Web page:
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Safety, standards and security for private rented housing


As a landlord, what are my responsibilities?

As a landlord, your responsibilities include:

  • Keeping your rented properties safe and free from health hazards
  • Making sure all gas and electrical equipment you supply is safely installed and maintained
  • Following Fire Precautions in Dwellings
  • Providing an energy performance certificate for the property
  • Securing your tenant's deposit in a Deposit Protection Scheme

What repairs am I responsible for?

What are my responsibilities with gas safety?

The Health and Safety Executive (opens new window) and Gas Safe Register (opens new window) offer advice and information on this.

As a landlord you are responsible for the gas equipment, fittings and flues you supply. You are required to:

  • Ensure gas fittings and flues are kept in a safe condition
  • Ensure an annual safety check is carried out on each gas appliance/flue by a Gas Safe engineer
  • Keep a record of each safety check for two years
  • Issue a copy of the safety check to each tenant within 28 days of the check or to a new tenant before they move in
  • Have any installations carried out by a Gas Safe engineer

If an appliance fails the safety check you must make sure the equipment is fixed or replaced by a Gas Safe engineer before it is reconnected to the gas supply and used.

If an appliance is owned by the tenant you are not responsible for maintaining or checking it.

How do I know if a gas installer is registered as Gas Safe?

They should be able to show you a current registration certificate or a Gas Safe ID card. This will tell you their registration number and the sort of work they are competent to carry out. You can check the Gas Safe Register (opens new window) to ensure that they are registered or to find an installer.

What are the laws on electrical installation and work in the home?

Under Part P of the building regulations, DIY work and electrical installation work carried out by non-registered traders should be checked and certified. As the property owner, you are ultimately responsible for ensuring electrical work complies with the rules.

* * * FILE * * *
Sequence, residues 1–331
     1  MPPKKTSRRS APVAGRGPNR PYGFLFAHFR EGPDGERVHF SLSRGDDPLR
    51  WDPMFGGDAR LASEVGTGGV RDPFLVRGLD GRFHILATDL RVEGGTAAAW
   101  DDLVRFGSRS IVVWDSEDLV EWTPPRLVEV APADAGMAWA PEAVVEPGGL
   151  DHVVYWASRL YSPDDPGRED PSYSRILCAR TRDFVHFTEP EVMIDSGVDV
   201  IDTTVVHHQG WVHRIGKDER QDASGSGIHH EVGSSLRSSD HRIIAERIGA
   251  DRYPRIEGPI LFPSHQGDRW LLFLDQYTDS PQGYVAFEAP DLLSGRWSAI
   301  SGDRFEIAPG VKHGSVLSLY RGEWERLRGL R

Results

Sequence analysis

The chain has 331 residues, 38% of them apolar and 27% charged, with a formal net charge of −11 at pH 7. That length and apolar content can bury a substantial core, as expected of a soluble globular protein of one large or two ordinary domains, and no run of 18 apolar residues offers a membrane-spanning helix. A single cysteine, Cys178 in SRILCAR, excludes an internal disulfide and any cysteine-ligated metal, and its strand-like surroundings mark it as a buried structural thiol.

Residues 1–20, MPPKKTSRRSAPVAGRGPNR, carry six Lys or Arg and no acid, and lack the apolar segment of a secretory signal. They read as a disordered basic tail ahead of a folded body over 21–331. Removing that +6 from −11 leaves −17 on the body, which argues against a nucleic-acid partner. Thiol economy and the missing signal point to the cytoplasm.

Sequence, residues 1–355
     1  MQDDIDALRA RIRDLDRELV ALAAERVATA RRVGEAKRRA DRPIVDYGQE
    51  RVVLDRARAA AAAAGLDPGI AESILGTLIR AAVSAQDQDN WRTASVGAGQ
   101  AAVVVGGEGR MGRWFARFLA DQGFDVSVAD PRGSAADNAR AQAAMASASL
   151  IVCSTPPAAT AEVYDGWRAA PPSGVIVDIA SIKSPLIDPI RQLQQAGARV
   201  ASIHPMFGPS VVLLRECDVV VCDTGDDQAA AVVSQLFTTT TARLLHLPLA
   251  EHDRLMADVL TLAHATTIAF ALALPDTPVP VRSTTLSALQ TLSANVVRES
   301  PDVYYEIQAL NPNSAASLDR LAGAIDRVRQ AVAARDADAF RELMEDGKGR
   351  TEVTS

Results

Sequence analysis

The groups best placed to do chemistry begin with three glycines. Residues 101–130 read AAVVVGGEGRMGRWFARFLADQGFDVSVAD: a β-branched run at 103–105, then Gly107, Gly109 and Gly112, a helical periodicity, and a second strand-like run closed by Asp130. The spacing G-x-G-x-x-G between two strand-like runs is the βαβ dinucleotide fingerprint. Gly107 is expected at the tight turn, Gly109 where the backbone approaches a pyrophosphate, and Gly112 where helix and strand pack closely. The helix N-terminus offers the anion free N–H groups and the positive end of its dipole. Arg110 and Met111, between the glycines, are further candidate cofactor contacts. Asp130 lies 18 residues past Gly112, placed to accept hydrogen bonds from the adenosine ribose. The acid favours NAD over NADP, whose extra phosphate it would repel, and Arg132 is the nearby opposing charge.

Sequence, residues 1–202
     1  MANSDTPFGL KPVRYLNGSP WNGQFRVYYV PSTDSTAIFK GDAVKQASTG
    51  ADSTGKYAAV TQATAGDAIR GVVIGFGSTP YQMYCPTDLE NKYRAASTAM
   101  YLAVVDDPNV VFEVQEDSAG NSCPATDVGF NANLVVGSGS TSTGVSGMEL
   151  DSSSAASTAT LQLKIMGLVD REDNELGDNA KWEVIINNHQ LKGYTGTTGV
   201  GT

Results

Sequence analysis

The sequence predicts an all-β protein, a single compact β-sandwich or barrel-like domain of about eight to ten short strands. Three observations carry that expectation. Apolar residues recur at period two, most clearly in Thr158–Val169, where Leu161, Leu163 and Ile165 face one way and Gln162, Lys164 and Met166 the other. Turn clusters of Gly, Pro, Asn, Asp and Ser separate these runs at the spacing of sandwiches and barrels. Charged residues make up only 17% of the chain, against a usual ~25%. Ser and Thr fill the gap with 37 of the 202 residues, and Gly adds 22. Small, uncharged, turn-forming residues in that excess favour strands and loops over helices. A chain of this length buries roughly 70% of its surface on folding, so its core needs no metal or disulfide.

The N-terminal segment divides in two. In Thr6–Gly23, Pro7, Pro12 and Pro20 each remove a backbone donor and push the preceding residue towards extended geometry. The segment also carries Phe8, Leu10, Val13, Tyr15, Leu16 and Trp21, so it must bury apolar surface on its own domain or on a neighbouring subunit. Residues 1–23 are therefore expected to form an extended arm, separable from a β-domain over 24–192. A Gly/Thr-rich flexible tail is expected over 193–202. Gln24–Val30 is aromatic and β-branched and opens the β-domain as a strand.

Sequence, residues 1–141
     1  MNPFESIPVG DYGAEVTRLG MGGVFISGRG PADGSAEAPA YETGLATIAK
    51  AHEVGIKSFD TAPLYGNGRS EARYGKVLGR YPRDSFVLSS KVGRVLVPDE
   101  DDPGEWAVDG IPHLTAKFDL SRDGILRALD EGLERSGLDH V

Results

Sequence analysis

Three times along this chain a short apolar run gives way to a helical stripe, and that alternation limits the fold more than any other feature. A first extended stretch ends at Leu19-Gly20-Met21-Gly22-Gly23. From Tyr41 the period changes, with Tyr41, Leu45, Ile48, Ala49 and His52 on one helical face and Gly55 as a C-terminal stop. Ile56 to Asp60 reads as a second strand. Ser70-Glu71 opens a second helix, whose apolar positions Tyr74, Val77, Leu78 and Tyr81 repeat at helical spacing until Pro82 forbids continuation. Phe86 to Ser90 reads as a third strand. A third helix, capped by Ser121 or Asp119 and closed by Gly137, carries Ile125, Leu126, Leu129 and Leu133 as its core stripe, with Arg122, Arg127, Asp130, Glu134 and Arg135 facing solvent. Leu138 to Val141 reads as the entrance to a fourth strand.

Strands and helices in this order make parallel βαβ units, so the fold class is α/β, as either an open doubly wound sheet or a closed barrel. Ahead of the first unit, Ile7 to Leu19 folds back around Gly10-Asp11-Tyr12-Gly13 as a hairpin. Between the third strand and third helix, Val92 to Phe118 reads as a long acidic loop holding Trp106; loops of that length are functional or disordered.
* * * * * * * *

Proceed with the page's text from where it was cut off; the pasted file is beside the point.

If the property you let is an HMO but is not licensable, the electrical wiring must still be safe. The Council can ask you to provide a valid electrical safety certificate. You must provide this within seven days of our request.

In any rented accommodation, we recommend you have your electrical equipment tested by a competent electrical engineer. This is not a legal requirement but is a sensible precaution.

The regulations do not stop you doing work or using an unregistered trades person, however you are still required to make a Building Regulations Application or have an electrician belonging to various Competent Person Schemes (CPS) check the electrical work and issue the notice and certificate.

Where can I find details of competent, registered electricians?

The following resources are provided as part of an industry-wide initiative to help home owners find a local registered electrician and understand their responsibilities on how to ensure safe electrical work is completed by a competent, registered electrician, or is checked by one:

  • To find a registered electrician - Search the register of electricians belonging to various Competent Person Schemes (CPS). These were introduced by the UK Government to allow individuals and enterprises to self-certify that their work complies with the Building Regulations as an alternative to submitting a building notice or using an approved inspector. A Competent Person must be registered with a scheme that has been approved by MHCLG (Ministry of Housing, Communities & Local Government).
  • General guidance - For general advice, guidance and information refer to the Electrical Safety First website (opens new window)

Are there laws on the safety of furniture and goods supplied in rented accommodation?

Any furniture that you supply in the property needs to comply with the Furniture and Furnishings (FIRE)(Safety) Regulations (opens new window).

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